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1st December 2017

By Wouter Bouma


In October 2017, Silba went on its first ever mission to Kyrgyzstan. For the reader less well-versed in geography, Kyrgyzstan is the smallest of the Central Asian countries, bordering China in the east, Kazachstan in the north, and Tajikistan and Uzbekistan in the (south)west. It has six million inhabitants, and being a former Soviet republic, it gained independence in 1991. As this was the first Silba mission to Kyrgyzstan, or even a Central Asian country, the participants were all rather excited. And indeed there was much to be excited about, as Silba was there to observe the first presidential elections in the country since those of 2010, which were surrounded by violence and unrest. Needless to say, these elections gave way to a very interesting and eventful Silba EOM.


After a stopover in Istanbul, the author arrived in Bishkek, capital of the Kyrgyz Republic in the early morning. Full of excitement, awe, and sleep deprivation, we were met by several of the participants, before meeting the rest of the group at a group dinner in a traditional Kyrgyz restaurant. Despite sleep deprivation from the long flights, the group quickly got along as we discussed the mission and the programme, which would start the next day. With a kitchen turned lecture hall in our hostel, our programme had been filled with lectures and meet-ups with relevant organizations and stakeholders, so as to give us a comprehensive view of the political, cultural and social environment surrounding the elections we were about to observe. Amongst others, we met with journalists, human rights NGOs, an LGBT rights activist, the EU representation, and the local UNDP office. As the days progressed, the participants started to get acquainted more and more with the country, its hospitable people, its proud culture, and its beautiful nature.  Moreover, we learned about the ins and outs of Kyrgyz politics, besides acquiring a comprehensive who’s-who in the presidential race. We of course had time for sightseeing as well; what struck me most was the Osh bazaar, with an atmosphere only described as beautiful chaos. Surrounded by colours, smells, and products of many kinds, the locals bought, negotiated, and chatted their way through the market.                                                


By this time, however we had not yet received observer accreditation. Therefore, we were divided into groups, which had as tasks to focus on certain groups or stakeholders, and report on the position of those groups vis-à-vis the elections and its candidates. With election posters spread throughout the city, Bishkek showed that the upcoming elections were a hot topic in town. Then, on the second-to-last day before Election Day, we got the word that our accreditation had been authorized, making Silba the largest NGO observing the Kyrgyz presidential elections. As we all roared in excitement, our cheering was soon dimmed by the announcement that several of our programme activities were to be crammed into the remaining two days. The prospect of observing, however, was enough to get everyone fired up for Election Day. After two more days filled with meetings, Q&A sessions, and discussions, we received our final briefings, were divided into our observer teams, and met our translators over dinner.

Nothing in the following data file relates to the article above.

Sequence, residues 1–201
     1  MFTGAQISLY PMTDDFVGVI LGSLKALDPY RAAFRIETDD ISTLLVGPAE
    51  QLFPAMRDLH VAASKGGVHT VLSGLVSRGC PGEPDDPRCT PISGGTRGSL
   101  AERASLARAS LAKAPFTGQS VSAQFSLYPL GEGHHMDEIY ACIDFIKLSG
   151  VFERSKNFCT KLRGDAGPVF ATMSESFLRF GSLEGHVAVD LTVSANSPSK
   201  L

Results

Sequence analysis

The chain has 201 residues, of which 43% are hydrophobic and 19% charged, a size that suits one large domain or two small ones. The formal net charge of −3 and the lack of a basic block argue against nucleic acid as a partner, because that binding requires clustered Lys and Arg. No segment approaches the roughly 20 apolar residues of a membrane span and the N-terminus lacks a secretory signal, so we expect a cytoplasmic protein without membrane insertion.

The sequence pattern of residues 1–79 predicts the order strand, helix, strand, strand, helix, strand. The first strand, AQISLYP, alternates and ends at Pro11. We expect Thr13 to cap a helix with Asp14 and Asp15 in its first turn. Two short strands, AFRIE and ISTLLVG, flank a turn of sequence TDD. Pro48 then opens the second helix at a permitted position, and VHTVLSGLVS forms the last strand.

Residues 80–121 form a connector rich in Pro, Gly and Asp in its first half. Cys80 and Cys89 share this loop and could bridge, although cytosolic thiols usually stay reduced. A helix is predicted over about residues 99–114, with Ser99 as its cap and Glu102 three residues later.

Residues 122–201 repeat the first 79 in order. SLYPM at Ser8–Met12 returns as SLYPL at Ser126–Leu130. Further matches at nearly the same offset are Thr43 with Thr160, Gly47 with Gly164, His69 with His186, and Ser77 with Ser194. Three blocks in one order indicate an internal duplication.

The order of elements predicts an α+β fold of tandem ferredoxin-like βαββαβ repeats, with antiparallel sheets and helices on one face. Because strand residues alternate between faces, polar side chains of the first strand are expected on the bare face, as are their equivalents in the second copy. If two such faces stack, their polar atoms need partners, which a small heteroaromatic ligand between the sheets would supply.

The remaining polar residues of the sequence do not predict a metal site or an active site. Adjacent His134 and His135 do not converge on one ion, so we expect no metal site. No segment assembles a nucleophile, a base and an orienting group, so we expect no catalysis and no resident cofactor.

Then, early in the morning, we gathered for breakfast, discussed our deployment plans, and left for our first polling station, in order to observe the opening procedures of the polling station. After a hectic drive, with our taxi driver frantically trying to avoid roadworks and potholes, we arrived at our destination – an old Soviet-era bus depot at a dusty edge of town. As the polling station was set up, we got acquainted with the staff, and witnessed the opening, which included the ceremonious singing of the national anthem. After having observed here for about an hour, we moved on to our next polling stations. In each of them, we observed, noted down and commented on our checklists. While each of them had their peculiarities, staff appeared friendly in each of them, and were, once formalities had been done and the ice had been broken, more or less happy to see us, yet excitement was most clearly visible on the faces of voters. In the afternoon, it became clear that some irregularities had been observed, but that overall the elections were a success. After observing counting procedures, which in most cases ended around midnight, we got back to our hostel, said goodbye to our translators, and went for a much-needed nights’ sleep.


After a final evalutation in the next afternoon, the participants sadly had to say goodbye to each other, and returned to their respective, and might I add, many, home countries. I look back to a very successful mission, with great participants and an even greater coordination team. If you read this and are considering joining a Silba mission, I urge you to do so, as wherever it may take place, it will leave you with an unforgettable experience!

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